We know physicians will tailor their dialogue and explanations based on the patient’s needs and personality, so we prepared two different patient types that we came to understand in our patient research:

  • “Joe”: A blue-collar, semi-retired male who lived with his wife, he hates going to the doctor unless he really has to. He’s had a few health problems, but relies on his doctor to tell him what to do. His wife does have to remind him to take care of himself, and he only got himself checked out because she pushed him—and then he found it wasn’t just a cough; it was cancer.
  • “Madelyn”: A hard-working, ambitious corporate professional who puts all of her effort into her work. She’s never had any health issues before, but after a car accident, she had scans done in the ER and her cancer was discovered. She immediately went into action mode, reading everything she could and trying to figure out what her best options would be.

The Creative Approach

The Role-play Process

For the research engagement, we prepared physicians at the recruitment phase to expect role-play as part of their participation in the research. The discussion began with a brief discussion of their practice, the challenges of treating this tumor type, and then setting the scene for the first role-play by providing a patient chart and explaining that this was their first consult with Joe or Madelyn, where they would be reviewing the treatment plan. After observing the conversation, we debriefed with the physicians to understand why they chose a certain language or made certain decisions. Then, we showed a product profile and asked them to engage in a second role-play—this time in the hypothetical future when “Product X” was available. Again, our patient came in, and the physicians engaged in the simulated “future state” conversation, followed by another debrief before the interview closed.

The Outcomes

After conducting these role-play simulations in markets across the US, we discovered that by examining the dialogue of these conversations we were also revealing key emotional learnings and valuable product insights. Our human approach took us beyond the conversation and into the unmet needs within this tumor setting, and helped us understand what was most important to physicians through what they shared with our patient actors.

The unexpected and beneficial outcomes of the research included…

  • Direction for brand positioning territories: While physicians expressed receptivity to Product X, it was the observation of how expectations were framed to patients compared to the current treatment paradigm that revealed unmet needs and underlying physician tensions—creating paths to the brand’s positioning.
  • Language to inform brand messaging to HCPs: Our detailed analysis of language and dialogue revealed valuable words, phrases and metaphors that directly informed message development.
  • Insight for disease state and patient messaging: By listening and collecting the various terminology, analogies and explanations provided by the HCPs to the patient actors, the marketing team effectively built upon and employed these “tried and true” strategies in their campaign development.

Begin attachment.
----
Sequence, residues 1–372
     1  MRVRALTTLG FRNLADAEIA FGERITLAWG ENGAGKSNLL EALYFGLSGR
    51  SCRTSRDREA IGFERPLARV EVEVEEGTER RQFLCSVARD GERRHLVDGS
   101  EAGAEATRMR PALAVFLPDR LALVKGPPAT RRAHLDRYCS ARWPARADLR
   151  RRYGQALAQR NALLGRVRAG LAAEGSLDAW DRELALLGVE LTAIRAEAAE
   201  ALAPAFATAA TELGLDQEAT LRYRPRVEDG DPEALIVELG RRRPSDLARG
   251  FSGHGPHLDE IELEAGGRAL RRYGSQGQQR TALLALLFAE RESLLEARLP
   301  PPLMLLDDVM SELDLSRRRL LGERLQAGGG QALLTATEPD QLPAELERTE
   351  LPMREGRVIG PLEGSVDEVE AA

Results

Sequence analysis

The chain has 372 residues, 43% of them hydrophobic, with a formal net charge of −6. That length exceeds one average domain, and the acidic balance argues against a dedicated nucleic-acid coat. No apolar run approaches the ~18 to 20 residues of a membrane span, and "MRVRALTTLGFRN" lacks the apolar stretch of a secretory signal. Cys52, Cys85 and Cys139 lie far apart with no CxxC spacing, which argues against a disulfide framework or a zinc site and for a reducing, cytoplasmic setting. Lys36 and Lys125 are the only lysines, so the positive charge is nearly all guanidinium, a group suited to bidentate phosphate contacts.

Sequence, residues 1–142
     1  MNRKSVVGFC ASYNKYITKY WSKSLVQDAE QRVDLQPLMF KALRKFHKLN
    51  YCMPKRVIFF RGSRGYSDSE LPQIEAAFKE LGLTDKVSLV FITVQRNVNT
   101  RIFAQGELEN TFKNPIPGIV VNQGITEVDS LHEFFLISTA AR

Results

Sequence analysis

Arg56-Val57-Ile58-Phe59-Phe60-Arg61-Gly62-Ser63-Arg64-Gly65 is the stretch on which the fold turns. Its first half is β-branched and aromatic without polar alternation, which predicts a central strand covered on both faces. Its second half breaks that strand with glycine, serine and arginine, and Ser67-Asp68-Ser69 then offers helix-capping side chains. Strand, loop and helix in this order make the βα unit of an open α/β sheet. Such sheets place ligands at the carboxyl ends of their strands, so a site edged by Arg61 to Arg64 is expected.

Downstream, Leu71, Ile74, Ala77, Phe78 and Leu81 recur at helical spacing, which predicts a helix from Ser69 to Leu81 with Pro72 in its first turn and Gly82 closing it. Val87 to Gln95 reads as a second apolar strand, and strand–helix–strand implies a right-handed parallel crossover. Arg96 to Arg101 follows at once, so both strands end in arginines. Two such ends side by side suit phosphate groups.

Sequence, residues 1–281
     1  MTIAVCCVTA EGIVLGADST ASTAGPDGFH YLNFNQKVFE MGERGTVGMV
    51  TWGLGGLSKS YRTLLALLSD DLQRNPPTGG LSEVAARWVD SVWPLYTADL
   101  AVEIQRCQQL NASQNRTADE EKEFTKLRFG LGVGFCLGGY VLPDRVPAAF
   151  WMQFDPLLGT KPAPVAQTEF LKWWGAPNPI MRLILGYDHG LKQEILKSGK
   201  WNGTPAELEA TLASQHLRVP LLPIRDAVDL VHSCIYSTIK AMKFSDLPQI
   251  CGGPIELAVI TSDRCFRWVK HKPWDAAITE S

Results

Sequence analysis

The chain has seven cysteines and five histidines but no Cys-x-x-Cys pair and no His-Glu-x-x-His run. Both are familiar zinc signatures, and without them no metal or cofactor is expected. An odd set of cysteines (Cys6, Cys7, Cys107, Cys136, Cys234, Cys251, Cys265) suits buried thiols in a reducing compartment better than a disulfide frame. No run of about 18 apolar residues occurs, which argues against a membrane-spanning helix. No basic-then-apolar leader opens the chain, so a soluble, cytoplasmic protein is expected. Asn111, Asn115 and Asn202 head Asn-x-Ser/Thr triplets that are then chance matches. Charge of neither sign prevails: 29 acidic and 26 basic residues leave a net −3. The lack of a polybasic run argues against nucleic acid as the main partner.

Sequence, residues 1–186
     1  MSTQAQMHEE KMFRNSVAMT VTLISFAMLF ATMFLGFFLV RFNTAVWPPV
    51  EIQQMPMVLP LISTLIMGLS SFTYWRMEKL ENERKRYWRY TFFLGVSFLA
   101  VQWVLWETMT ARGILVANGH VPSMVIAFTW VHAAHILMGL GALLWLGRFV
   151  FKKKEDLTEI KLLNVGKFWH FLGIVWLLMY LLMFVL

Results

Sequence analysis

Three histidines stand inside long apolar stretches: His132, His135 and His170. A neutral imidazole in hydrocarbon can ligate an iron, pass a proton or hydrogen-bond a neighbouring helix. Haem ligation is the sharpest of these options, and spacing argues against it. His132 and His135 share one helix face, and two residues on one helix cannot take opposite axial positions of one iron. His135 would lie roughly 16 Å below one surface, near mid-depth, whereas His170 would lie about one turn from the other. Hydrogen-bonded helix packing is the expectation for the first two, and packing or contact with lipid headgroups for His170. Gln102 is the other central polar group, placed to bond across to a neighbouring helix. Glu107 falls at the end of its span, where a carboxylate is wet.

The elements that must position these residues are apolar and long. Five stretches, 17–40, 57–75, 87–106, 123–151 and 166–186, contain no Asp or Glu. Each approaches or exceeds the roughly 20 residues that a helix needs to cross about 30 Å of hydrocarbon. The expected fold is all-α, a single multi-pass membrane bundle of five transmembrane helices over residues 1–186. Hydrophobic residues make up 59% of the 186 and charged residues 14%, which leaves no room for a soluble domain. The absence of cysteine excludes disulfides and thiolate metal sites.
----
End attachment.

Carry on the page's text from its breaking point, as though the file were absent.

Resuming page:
Director’s notes

In employing role-play as a health research methodology, we have a few notes from the director’s chair to help ensure success…

  • Remember, it’s improv, not Broadway: It’s important to know that we did not give our patient actors a script to follow. That type of formulaic approach would have dampened the human aspect of our approach. Part of why our physicians were able to engage in the simulation is because the actors behaved like real patients—depending on the patients’ character, they deferred or challenged, they emoted or withheld, and they interrupted the doctor with hard questions. Each engagement in the research was different, as the actors reacted to the different language and approach the doctor took—they read and reacted to the doctor as a person, too, which is why we got closer to reality than other simulation exercises.
  • Learn, iterate and adapt: When we discovered in our introduction with a physician that he or she had a certain perspective or approach, we gave quick guidance to our actors to explore that feature somehow—prompting with a question or reacting emotionally to a specific phrase. One of the advantages of role-play is the ability to manipulate variables to understand how they influence dialogue, language or decision-making.
  • Preparation is everything: To prepare our actors, we had to deeply understand the patient experience, which required quality foundational research. It was only through real patient experiences and emotions that we were able to fully develop characters for these scenarios. Equally as important was preparation for our physician respondents—making them aware of the role-play in advance, providing any tools or materials they might need during the scenario, and creating an environment that feels natural to them (an exam room or office).
  • Consider the other influences in conversations: If decision-making is critical to the research objectives, it is essential to consider “who else” might need to be involved in the simulation. Are caregivers present? We may consider preparing caregiver actors to join our patients. Do different specialists work together to present the treatment plan? We may recruit both specialists and give them time to discuss the case before bringing the patient actor in. We work to be as thorough as possible in simulating all of the appropriate variables in order to learn effectively.

At Escalent, we are relentless in finding creative ways to access real-world human insights, even when the behaviors and decisions that we are after happen behind closed doors. Role-play is just one of our ways behind those doors—send us a note if you would like to talk about the creative ways we can help uncover your next human insights.

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Liz George, Director
Liz George

Liz George is a former senior director of qualitative research focusing on Life Sciences and Healthcare at Escalent.